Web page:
• Conceptual design to be complete in 2020[30]: 63 
  • Engineering design complete, and decision to build, in 2030
  • Construction from 2031 to 2043
  • Operation from 2044, Electricity generation demonstration 2048

This 2012 roadmap was intended to be updated in 2015 and 2019.[30]: 49  The EFDA was superseded by EUROfusion in 2013. The roadmap was subsequently updated in 2018.[31]

  • Conceptual design to be complete before 2030
  • Engineering design 2030-2040
  • Construction from 2040

This would imply operations commencing sometime in the 2050s.

Technical considerationsEdit

The deuterium-tritium (D-T) fusion reaction is considered the most promising for producing fusion power.
Schematic of a DEMO nuclear fusion power plant

When deuterium and tritium fuse, the two nuclei come together to form a resonant state which splits to form in turn a helium nucleus (an alpha particle) and a high-energy neutron.

+ 3
+ 1
+ 17.6 MeV

DEMO will be constructed once designs which solve the many problems of current fusion reactors are engineered. These problems include: containing the plasma fuel at high temperatures, maintaining a great enough density of reacting ions, and capturing high-energy neutrons from the reaction without melting the walls of the reactor.

  • The activation energy for fusion is very large because the protons in each nucleus strongly repel one another; they are both positively charged. In order to fuse, the nuclei must be within 1 femtometre (1 × 10−15 metres) of each other, where quantum-tunnelling effects permit the parent nuclei to fuse together into the resonant state. The principle is to form a quasi-Maxwellian distribution for the deuterons and the tritons, at very high temperatures, where the nuclei in the tail of the Maxwellian undergo fusion, while the continuous elastic collisions among the other nuclei will not alter the state of the plasma.
  • DEMO, a Tokamak reactor, requires both dense plasma and high temperatures for the fusion reaction to be sustained.
  • High temperatures give the nuclei enough energy to overcome their electrostatic repulsion. This requires temperatures in the region of 100,000,000 °C, and is achieved using energy from various sources, including Ohmic heating (from electric currents induced in the plasma), microwaves, ion beams, or neutral beam injection.
  • Containment vessels melt at these temperatures, so the plasma is to be kept away from the walls using magnetic confinement.

Once fusion has begun, high-energy neutrons at about 160,000,000,000 kelvins will flood out of the plasma along with X-rays, neither being affected by the strong magnetic fields. Since neutrons receive the majority of the energy from the fusion, they will be the reactor's main source of thermal energy output. The ultra-hot helium product at roughly 40,000,000,000 kelvins will remain behind (temporarily) to heat the plasma, and must make up for all the loss mechanisms (mostly bremsstrahlung X-rays from electron deceleration) which tend to cool the plasma rather quickly.

  • The Tokamak containment vessel will have a lining composed of ceramic or composite tiles containing tubes in which warm liquid lithium metal will flow, cooling the lining.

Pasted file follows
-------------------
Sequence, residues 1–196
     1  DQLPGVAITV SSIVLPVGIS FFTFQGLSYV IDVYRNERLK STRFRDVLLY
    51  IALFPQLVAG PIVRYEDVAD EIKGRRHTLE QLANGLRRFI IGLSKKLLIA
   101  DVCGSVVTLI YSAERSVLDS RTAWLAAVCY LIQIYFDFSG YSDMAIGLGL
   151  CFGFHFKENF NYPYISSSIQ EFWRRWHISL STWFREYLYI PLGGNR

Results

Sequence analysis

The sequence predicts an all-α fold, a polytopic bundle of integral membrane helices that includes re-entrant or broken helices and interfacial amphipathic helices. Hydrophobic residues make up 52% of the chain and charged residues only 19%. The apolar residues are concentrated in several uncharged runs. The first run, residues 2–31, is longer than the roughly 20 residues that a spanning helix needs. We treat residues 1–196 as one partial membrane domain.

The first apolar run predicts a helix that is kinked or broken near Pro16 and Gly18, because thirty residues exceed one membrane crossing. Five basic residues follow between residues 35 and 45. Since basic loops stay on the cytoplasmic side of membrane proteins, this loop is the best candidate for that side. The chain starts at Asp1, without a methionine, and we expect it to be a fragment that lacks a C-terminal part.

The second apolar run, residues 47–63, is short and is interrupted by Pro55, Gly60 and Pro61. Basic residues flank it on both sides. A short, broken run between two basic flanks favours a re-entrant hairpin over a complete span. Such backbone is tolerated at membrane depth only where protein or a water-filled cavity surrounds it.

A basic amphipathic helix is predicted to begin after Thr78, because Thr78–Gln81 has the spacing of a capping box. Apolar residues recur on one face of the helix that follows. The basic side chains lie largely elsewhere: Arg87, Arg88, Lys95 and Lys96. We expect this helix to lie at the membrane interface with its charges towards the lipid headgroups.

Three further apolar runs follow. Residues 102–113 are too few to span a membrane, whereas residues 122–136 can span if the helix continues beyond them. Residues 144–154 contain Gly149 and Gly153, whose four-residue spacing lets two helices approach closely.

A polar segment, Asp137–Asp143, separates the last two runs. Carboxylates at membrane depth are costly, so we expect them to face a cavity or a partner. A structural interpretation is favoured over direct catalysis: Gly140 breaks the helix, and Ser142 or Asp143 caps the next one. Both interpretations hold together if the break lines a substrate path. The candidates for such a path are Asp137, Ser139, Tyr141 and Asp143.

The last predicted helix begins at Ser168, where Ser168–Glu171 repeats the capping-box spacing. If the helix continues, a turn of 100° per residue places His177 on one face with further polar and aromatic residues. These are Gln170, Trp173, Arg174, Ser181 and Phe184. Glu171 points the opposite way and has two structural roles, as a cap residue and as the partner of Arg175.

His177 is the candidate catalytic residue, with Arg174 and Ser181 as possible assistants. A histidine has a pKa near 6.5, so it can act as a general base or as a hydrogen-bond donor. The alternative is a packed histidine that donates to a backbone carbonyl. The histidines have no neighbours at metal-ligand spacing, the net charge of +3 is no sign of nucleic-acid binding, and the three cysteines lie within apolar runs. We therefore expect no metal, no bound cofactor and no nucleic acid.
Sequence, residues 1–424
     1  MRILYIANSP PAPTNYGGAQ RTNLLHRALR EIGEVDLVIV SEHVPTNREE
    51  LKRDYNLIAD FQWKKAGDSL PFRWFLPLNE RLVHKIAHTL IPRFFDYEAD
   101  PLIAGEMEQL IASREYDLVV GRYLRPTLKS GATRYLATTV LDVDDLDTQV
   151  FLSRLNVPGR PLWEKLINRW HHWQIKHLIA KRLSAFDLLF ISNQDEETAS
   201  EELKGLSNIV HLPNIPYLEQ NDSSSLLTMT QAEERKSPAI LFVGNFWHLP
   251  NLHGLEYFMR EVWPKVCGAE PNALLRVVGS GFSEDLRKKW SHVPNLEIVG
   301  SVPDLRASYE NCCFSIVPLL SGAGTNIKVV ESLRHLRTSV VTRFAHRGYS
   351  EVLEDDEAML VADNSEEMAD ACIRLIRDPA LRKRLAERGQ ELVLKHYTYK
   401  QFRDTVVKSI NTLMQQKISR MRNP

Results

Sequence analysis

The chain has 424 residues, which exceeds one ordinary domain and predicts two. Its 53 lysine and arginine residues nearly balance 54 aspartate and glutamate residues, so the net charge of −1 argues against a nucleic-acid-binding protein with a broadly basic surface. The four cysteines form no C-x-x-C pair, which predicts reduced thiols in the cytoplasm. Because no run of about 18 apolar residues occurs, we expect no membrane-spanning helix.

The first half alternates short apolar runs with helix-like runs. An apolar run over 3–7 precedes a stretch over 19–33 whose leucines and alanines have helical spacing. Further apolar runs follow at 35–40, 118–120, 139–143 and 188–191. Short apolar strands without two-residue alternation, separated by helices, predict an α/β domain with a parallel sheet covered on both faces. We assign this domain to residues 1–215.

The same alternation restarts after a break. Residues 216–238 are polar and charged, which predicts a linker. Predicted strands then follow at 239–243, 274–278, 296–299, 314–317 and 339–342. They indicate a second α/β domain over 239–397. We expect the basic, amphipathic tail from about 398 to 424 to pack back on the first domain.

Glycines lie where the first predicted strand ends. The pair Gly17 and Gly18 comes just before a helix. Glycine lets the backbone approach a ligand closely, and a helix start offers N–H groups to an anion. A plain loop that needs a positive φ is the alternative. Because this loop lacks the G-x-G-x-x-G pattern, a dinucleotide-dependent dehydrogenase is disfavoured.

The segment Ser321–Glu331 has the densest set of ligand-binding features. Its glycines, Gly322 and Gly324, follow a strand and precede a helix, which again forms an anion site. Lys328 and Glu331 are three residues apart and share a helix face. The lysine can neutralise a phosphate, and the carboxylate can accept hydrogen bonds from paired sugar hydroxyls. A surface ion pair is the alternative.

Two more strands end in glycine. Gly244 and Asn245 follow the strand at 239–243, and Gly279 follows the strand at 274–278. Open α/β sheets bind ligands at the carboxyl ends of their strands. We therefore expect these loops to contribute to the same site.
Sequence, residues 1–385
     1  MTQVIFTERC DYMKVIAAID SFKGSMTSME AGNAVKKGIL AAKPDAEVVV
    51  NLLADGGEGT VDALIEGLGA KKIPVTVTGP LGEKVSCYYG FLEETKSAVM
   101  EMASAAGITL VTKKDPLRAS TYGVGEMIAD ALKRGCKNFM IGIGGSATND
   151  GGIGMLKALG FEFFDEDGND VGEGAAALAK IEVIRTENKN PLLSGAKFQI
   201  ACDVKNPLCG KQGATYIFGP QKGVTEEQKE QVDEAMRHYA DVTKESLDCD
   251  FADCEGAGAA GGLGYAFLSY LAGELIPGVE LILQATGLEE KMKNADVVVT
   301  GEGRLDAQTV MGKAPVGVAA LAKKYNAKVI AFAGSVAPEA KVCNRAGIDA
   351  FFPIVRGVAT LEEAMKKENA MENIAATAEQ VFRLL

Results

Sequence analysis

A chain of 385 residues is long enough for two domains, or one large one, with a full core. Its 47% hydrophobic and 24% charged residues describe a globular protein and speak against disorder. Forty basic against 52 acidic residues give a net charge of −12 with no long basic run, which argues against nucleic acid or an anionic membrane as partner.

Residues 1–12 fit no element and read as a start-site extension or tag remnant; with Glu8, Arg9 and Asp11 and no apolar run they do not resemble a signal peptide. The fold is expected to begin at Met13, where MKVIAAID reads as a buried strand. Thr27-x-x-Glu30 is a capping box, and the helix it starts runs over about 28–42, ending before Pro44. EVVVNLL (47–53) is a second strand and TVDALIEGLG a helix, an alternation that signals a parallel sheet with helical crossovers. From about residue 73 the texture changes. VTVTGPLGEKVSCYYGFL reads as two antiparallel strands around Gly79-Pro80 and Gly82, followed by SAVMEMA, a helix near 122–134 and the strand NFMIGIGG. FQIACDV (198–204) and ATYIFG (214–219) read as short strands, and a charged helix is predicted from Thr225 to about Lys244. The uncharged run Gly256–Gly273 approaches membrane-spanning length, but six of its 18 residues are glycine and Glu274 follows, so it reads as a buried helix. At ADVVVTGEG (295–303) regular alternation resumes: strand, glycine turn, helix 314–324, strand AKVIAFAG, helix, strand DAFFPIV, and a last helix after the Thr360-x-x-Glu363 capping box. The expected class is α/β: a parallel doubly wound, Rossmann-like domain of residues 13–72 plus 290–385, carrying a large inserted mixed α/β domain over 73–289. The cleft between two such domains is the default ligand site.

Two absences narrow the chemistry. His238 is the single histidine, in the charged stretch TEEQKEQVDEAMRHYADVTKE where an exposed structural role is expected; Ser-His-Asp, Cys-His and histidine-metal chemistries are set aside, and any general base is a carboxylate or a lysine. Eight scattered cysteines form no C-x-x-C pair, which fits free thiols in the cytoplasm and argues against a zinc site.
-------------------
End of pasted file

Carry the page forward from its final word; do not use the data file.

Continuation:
• Lithium readily absorbs high-speed neutrons to form helium and tritium, becoming hot in the process.
  • This increase in temperature is passed on to another (intermediate) coolant, possibly (pressurized) liquid water in a sealed, pressurized pipe.
  • Heat from the intermediate coolant will be used to boil water in a heat exchanger.
  • Steam from the heat exchanger will be used to drive turbines and generators, to create electric current.
  • Waste heat energy in excess of the generated electrical energy is dumped into the environment.
  • Helium byproduct is the "ash" of this fusion, and will not be allowed to accumulate too much in the plasma.
  • Carefully measured amounts of deuterium and tritium are added back into the plasma and heated.
  • The lithium is processed to remove the helium and tritium, with the balance recycled to collect more heat and neutrons. Only a tiny amount of lithium is consumed.

The DEMO project is planned to build upon and improve the concepts of ITER. Since it is only proposed at this time, many of the details, including heating methods and the method for the capture of high-energy neutrons, are still undetermined.[32][33][34]

Conceptual designEdit

All aspects of DEMO were discussed in detail in a 2009 document by the Euratom-UKAEA Fusion Association.[35] Four conceptual designs PPCS A,B,C,D were studied. Challenges identified included:[35]

  • structural materials resistant to the high neutron flux
  • high-temperature superconductors, to avoid the need for large amounts of helium for cooling, that would challenge world helium reserves
  • need for high efficiency in the heating and current drive systems.

In the 2012 timeline, the conceptual design should be completed in 2020.

Radioactive wasteEdit

While fusion reactors like ITER and DEMO will produce neither transuranic nor fission product wastes, which together make up the bulk of the nuclear wastes produced by fission reactors, some of the components of the ITER and DEMO reactors will become radioactive due to neutrons impinging upon them. It is hoped that plasma facing materials will be developed so that wastes produced in this way will have much shorter half lives than the waste from fission reactors, with wastes remaining harmful for less than one century.[citation needed] Development of these materials is the prime purpose of the International Fusion Materials Irradiation Facility. The process of manufacturing tritium currently produces long-lived waste, but both ITER and DEMO will produce their own tritium, dispensing with the fission reactor currently used for this purpose.[dubious ] [36][failed verification – see discussion]


PROTO was a proposal for a beyond-DEMO experiment, part of the European Commission long-term strategy for research of fusion energy. PROTO would act as a prototype power station, taking in any remaining technology refinements, and demonstrating electricity generation on a commercial basis. It was only expected after DEMO, beyond 2050, and probably will not be the second part of a DEMO/PROTO experiment as it no longer appears in official documentation.[37]

See alsoEdit